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Lukas Flippo, Indianapolis Star
Across the nation, more and more would-be homebuyers and investors are offering cold, hard cash for homes.
While this is nothing new for investors, the uptick in people seeking to buy their next home without a lender involved has many wondering the difference between financing options.
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Here’s what you need to know:
They’re great for making your offer stand out
Cash offers are traditionally associated with investors trying to scoop up properties, but they’re growing increasingly popular for individual buyers who want to make an offer a seller can’t refuse.
If you find your dream home, a cash offer can be a great way to show the current owner that you really want the home and are willing to make the transaction as stress-free as possible.
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“Sellers really like it because one of the biggest contingencies in the process is financing. And so when they have an offer on the table that does not have that contingency, it really makes the offer attractive and firm,” said Doug McCoy, director of the Center for Real Estate Studies at the Indiana University Kelley School of Business.
Don’t expect market value from an investment buyer
Traditionally, cash offers for homes are made in typical investment fashion: They’re trying to buy low in the hopes of selling high.
While individuals making offers may pay market price or even a premium for your home, investors, hedge funds and venture capitalists tend to do the opposite.
That means you should be cautious about those unsolicited phone calls trying to buy your home for cash. They’re hoping to buy it from you, often to quickly turn around and sell it again, which means they need to make a minimum investment.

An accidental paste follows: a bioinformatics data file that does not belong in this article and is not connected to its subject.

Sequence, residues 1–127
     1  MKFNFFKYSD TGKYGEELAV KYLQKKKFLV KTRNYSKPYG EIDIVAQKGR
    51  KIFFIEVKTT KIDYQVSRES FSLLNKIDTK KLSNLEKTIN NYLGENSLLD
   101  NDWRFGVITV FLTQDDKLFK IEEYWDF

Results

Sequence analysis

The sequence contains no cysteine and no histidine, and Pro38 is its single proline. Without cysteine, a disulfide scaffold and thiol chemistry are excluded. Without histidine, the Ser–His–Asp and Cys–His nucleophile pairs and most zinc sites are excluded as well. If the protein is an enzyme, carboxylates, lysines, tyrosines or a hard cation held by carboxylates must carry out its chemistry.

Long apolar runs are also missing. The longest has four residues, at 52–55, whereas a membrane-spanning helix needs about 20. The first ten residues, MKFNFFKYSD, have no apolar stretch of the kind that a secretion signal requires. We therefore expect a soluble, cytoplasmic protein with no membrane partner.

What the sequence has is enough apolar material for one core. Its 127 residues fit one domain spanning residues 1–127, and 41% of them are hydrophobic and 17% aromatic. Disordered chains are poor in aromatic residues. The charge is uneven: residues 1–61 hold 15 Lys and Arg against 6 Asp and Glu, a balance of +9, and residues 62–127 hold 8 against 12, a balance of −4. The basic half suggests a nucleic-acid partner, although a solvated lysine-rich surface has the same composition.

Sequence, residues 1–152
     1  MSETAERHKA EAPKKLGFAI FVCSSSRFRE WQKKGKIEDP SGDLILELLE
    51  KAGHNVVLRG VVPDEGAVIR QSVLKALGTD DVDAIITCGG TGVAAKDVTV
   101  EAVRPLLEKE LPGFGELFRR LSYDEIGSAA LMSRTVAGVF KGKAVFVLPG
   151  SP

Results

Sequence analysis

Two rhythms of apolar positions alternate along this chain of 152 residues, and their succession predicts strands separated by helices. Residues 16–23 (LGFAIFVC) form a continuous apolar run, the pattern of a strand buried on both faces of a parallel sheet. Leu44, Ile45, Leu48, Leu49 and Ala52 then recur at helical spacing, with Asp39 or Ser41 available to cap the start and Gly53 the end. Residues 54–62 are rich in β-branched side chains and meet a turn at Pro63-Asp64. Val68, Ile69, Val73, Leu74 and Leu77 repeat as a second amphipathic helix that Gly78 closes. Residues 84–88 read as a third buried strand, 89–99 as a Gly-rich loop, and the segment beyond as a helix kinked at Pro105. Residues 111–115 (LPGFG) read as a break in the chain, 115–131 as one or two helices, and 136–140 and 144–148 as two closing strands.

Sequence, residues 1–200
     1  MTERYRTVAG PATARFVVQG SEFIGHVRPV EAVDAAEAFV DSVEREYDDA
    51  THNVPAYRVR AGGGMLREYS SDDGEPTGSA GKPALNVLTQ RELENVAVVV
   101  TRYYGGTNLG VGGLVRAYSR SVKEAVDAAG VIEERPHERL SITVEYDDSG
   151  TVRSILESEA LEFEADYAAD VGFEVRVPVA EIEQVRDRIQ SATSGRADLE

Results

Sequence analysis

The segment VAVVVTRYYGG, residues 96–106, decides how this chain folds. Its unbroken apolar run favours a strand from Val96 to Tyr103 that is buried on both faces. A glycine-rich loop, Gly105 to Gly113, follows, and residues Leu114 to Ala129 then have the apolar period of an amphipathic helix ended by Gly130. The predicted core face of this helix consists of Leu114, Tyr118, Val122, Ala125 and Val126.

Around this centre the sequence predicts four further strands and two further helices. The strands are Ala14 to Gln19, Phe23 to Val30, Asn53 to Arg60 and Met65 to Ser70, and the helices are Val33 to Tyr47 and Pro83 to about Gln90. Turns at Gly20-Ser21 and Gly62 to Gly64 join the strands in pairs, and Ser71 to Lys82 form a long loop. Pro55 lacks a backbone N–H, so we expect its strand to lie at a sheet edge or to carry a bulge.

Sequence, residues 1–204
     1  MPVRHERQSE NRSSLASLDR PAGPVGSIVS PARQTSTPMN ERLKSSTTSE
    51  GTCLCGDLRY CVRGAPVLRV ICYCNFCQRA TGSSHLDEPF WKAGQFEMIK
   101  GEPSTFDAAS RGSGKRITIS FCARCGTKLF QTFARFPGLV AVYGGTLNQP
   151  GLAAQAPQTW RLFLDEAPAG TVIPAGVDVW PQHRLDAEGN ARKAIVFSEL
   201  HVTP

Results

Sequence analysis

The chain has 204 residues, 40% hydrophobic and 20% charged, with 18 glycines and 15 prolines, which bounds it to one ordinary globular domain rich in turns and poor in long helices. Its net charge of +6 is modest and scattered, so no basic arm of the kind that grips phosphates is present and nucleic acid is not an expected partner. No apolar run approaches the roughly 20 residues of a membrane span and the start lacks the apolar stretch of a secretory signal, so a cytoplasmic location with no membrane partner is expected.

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“We, as investors — we cannot offer market value for home, because we’re looking for properties that we can add value to,” said Laura Guy, owner of The Indy Home Buyer, a local two-person company involved in buying and selling properties.
When fielding offers from real estate investors, sellers can expect an offer 5% to 10% lower than what they would have received in the traditional market.
Distressed homes and fixer-uppers
When lenders are involved in a home sale, they want to make sure the property can be sold to someone in a hurry if the buyer defaults. That also adds checks and balances because lenders want to make sure homes appraise for the value of the loan. This can make selling properties which have fallen into disrepair difficult.
Whether selling to an investor or someone who has an interest in fixing up the home, taking cash is an easy way to get around this issue. When selling to a cash buyer, the buyer has the final say.
“This is an easy way out for people, if they don’t want to go through the process of updating their home and fixing it up,” said Jim Litton, owner of F.C. Tucker, Indiana’s largest independent real estate firm.
Cash isn’t always the best option for the seller
Cash offers can be great, but they’re not for everyone.
Right now, the competitive Indianapolis market has made buyers more likely to come out of their own pockets and match other offers, but sellers would still do well to market their homes. Conventional wisdom dictates that cash offers are 5% to 10% less than a mortgage-bound offer would be.
And whether the buyer is paying cash or taking out a loan, at the end of the day it’s all money in the seller’s pocket.
“The traditional way of selling your home by getting the home spiffed up, listing with a real estate broker and selling it is generally the way you’re going to get the highest and best return,” Litten said.
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